Iron County Residents Grapple with Housing Affordability4 min read

By Tracie Sullivan

Since 2020, Iron County has been facing a mounting challenge: housing affordability. As the average home price in the area surges to nearly $450,000, many local residents are finding themselves priced out of the housing market.

It’s not just Iron County however, but across Utah. In response, Gov. Spencer Cox has ramped up efforts to encourage cities and counties statewide to adopt measures allowing for smaller lots for starter homes, warning of state intervention should these directives be disregarded.

Ahead of the governor’s directives, the Cedar City Council has already been taking steps to increase the availability of starter homes. They’re actively working on various options and discussing approving smaller lot sizes,” said Councilman Tyler Melling, who is also an attorney for a major local developer.

“Whether it’s approving smaller lot sizes or offering incentives for developers to build smaller homes, we have to continue to find ways to address this issue or our kids aren’t going to be able to afford to stay in the area,” he said.

Parowan City is also exploring various strategies to make home ownership attainable for residents. More recently, the council has approved initiatives like smaller lot sizes and higher-density subdivisions in an effort to try and encourage more diverse developments.

Parowan City Manager Dan Jessen highlighted that a major challenge for many city councils is the opposition from residents worried that smaller homes and lots will devalue their properties.

“It’s a NIMBY phenomenon,” Jessen said. “Residents are concerned that places like duplexes next to their single-family homes will devalue their property and many are very opposed to these types of structures being built next to them.”

Another driver of rising home prices in Parowan is the shift towards retirement living and the nearby Brian Head ski resort, which Jessen said is causing values to skyrocket. As an example, he cited a home built in the 20s now listed for $480,000.

“It’s 1,200 square feet, 100 years old, and needs work, but it’s selling for almost a half a million dollars,” Jessen said.

Melling highlighted another challenge in reducing home prices is city ordinances that restrict access for particular demographics. These regulations, frequently criticized for their elitist implications, significantly affect the availability of affordable housing.

“When you pass an ordinance that says a home cannot be smaller than 2000 square feet or you have to have a minimum lot size of a quarter-acre or more, you have made it impossible for smaller homes or condos and townhomes to be built,” he said. “And you are pushing out anyone in your community that doesn’t fall into a specific income category.”

“And there are city councils throughout the state that are actively doing that so they don’t get anyone in their community who they perceive might be ‘undesirable’.”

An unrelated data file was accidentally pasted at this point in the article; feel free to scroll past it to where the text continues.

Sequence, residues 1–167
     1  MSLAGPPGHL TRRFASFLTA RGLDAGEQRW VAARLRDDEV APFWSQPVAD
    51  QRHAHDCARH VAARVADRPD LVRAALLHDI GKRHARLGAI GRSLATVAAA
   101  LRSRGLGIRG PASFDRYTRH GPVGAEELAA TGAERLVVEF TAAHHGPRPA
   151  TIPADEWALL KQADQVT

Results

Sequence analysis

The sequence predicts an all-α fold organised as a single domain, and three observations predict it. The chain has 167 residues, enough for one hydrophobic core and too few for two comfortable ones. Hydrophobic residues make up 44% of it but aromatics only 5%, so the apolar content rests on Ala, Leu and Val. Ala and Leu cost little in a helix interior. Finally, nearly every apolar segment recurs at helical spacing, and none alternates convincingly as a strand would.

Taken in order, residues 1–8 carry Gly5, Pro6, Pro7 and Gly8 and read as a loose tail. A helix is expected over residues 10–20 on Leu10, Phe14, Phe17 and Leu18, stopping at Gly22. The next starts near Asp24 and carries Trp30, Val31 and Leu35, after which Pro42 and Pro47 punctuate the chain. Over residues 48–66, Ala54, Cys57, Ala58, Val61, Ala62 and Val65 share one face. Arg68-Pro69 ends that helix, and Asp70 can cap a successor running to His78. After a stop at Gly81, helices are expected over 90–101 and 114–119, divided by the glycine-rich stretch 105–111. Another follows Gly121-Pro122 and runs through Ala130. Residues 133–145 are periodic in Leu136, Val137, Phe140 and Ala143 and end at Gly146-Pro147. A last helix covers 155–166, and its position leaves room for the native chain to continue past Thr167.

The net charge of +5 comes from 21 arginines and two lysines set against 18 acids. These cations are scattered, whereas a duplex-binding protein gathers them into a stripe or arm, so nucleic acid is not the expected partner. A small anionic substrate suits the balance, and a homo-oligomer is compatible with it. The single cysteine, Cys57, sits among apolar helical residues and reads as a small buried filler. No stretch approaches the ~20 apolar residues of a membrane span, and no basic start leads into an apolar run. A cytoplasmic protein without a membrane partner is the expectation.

Enoch City Manager Rob Dotson challenges the effectiveness of smaller lots and homes in reducing housing costs.

With Iron County’s median annual household income averaging around $63,000, Dotson stressed that simply approving smaller lots won’t resolve the issue. He cites Enoch Council’s efforts, including the approval of smaller lots, which, he contends, haven’t led to lower home prices in the area.

“This isn’t a problem that can be solved but a problem that needs to be managed, and it’s going to take everyone to address it,” Dotson said. “You can’t just point to one actor like the city council or the developers and say, ‘you need to fix this,’ because that’s just one piece of the puzzle.”

Echoing Dotson’s sentiments, Melling points to Utah’s tightly regulated environment that he argues is an issue and plays a pivotal role in driving up home prices. Among these is the restriction preventing anyone other than licensed contractors from working on a home.

“Under state law you’re prohibited from contributing to the construction of your own house,” he said. “The state imposes hefty fines per day for any unauthorized personnel on-site, effectively preventing individuals from engaging in work like framing or drywall installation unless they’re licensed to do so. This is just one example, but there are numerous regulations that need relaxation that would help alleviate some of the price pressures.”

Melling called for greater collaboration between state and local entities to address the housing issue.

“We need to work together to remove obstacles that prevent the creation of affordable housing,” he said. “The fact is that the government is partly responsible for the rising costs of homes and we need to find ways to fix it but the answer isn’t throwing more money at the problem or creating more regulations.”

Likewise, Dotson said it is going to take everyone to ensure future generations will be able to secure the American dream of home ownership.

“We have to work together,” he said. “We can’t just blame one entity or one industry. Like I said before, it’s not a problem we can fix but one we can manage if we work together to do it.”


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